Red Roses and Petrol (2008)
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Critic Reviews for Red Roses and Petrol
Little about the Doyles makes you want to partake of their sour hospitality, even if it's only for an hour and a half.
Because Petrol is so grim, its few moments of repentance and reconciliation don't feel as contrived as they might otherwise; if any film has earned the right to be sentimental, it's this one.
As even a novice moviegoer would expect, they argue and drink, then argue and drink some more.
Solid performances and a literary feel help turn a standard family-rift drama into a dry but saucy narrative.
If, as Tolstoy observed, happy families are alike, and each unhappy family is unhappy in its own way, the Dublin-set film Red Roses and Petrol didn't get the message, being a dysfunctional clan movie that feels dispiritingly like all the others.
In Red Roses and Petrol, a soused, post-funeral postmortem on a dysfunctional Dublin family, the misery seeps from the screen in cold, damp waves; by the end you'll be grabbing for the bottle yourself.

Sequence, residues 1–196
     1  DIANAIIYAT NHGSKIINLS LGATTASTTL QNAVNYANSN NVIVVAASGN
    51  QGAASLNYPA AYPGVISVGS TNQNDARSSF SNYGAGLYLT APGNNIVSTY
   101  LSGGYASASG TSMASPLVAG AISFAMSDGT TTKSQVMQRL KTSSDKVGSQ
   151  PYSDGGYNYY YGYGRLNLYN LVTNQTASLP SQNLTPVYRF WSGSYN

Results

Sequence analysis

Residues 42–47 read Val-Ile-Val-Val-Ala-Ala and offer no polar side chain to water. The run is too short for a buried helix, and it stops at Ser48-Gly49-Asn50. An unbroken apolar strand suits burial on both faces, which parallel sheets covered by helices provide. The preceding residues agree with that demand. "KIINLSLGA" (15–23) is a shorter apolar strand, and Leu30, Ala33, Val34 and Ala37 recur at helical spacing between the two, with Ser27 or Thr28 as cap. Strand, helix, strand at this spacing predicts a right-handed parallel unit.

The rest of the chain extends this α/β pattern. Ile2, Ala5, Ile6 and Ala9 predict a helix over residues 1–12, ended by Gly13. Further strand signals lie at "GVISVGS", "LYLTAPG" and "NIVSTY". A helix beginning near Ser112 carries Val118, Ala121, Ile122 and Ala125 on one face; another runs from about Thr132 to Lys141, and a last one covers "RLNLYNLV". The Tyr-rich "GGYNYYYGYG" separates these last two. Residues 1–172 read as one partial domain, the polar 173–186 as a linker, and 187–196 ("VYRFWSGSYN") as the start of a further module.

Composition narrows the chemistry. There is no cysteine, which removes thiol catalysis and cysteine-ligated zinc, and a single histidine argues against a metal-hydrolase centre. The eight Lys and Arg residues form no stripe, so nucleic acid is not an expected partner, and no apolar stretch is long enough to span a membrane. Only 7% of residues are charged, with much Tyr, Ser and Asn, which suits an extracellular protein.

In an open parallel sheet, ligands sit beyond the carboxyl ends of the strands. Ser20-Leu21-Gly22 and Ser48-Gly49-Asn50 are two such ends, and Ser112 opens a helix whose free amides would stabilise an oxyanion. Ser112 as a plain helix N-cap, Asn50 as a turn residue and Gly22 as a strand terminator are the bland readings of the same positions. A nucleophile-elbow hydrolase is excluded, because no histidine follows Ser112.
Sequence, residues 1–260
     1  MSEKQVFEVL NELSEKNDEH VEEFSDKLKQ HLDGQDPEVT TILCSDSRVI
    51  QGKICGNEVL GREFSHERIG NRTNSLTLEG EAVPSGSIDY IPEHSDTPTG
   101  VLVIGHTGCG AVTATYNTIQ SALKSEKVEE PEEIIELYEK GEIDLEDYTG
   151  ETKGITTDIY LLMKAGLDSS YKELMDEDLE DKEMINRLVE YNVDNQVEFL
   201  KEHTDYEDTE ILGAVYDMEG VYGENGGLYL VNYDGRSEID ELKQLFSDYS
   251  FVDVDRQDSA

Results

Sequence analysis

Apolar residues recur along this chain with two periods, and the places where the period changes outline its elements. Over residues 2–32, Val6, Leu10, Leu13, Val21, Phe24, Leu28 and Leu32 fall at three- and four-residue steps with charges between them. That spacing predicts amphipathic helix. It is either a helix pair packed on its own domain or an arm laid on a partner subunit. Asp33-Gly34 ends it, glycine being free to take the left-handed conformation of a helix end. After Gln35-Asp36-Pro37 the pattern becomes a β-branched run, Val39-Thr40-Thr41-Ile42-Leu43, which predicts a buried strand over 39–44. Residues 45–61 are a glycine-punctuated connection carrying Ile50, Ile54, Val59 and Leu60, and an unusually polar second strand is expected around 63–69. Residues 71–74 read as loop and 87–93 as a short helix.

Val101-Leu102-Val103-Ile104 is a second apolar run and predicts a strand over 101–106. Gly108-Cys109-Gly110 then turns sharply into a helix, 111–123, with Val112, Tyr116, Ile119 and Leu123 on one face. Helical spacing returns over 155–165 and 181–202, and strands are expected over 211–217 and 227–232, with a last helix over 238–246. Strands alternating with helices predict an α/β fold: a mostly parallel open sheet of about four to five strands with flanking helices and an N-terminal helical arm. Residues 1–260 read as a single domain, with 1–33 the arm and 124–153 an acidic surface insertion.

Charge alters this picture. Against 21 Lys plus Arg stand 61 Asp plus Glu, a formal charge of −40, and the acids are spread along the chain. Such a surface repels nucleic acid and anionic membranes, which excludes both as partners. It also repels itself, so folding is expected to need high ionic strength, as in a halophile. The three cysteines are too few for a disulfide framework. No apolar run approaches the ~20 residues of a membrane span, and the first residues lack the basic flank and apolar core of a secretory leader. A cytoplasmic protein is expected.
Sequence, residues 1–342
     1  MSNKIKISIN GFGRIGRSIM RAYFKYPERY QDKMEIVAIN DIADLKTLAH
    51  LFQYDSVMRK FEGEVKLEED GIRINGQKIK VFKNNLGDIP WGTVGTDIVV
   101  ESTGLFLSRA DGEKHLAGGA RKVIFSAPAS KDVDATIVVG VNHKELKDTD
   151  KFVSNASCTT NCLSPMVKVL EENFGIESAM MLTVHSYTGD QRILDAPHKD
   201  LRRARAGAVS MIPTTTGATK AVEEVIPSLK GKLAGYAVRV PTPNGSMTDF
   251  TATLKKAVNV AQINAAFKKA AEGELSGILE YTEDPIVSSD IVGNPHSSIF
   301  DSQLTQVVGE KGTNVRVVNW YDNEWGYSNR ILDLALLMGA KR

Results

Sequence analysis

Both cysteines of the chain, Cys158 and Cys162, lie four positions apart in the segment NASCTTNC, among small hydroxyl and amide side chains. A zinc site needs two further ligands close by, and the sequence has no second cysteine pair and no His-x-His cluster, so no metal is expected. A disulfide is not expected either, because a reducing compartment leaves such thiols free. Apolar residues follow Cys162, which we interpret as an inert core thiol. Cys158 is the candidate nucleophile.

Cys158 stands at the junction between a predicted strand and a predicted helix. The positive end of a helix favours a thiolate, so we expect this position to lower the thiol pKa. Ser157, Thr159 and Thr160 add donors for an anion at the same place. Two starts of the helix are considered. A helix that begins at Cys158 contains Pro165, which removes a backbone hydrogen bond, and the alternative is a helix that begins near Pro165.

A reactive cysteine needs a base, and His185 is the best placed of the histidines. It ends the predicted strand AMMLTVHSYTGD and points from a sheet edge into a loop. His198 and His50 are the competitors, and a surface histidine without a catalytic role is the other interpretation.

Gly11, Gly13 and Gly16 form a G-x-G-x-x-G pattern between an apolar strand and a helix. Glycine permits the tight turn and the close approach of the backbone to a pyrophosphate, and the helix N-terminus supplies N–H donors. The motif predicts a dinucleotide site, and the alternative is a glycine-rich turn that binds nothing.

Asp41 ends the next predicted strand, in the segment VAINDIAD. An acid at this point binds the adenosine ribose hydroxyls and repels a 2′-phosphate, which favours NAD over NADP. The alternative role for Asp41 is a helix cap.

Audience Reviews for Red Roses and Petrol
An Irish family gather for the death of the father and some drinks. No one is happy or quiet about it. Fingers of blame are frequent in this static production that looks very much like the static stage production that spawned it, and by the end I felt as if I'd endured a soap opera marathon. Two minor characters eyeball the proceedings early on and beat a hasty retreat ... I was wishing to've left with them.
I'm excited to see it at the Irish Arts Fest on the 19th. Heard Susanna Hoffs sings on the soundtrack too.
The variations of surprising turns and sharp humor made the movie a must see. It was relatable, and an overall great movie. It touches on and executes complex inner family issues that alot of movies dont tend to deviate deeply into. Also Max Beesly is a rediculously funny drunk. I'd recommend it to all.
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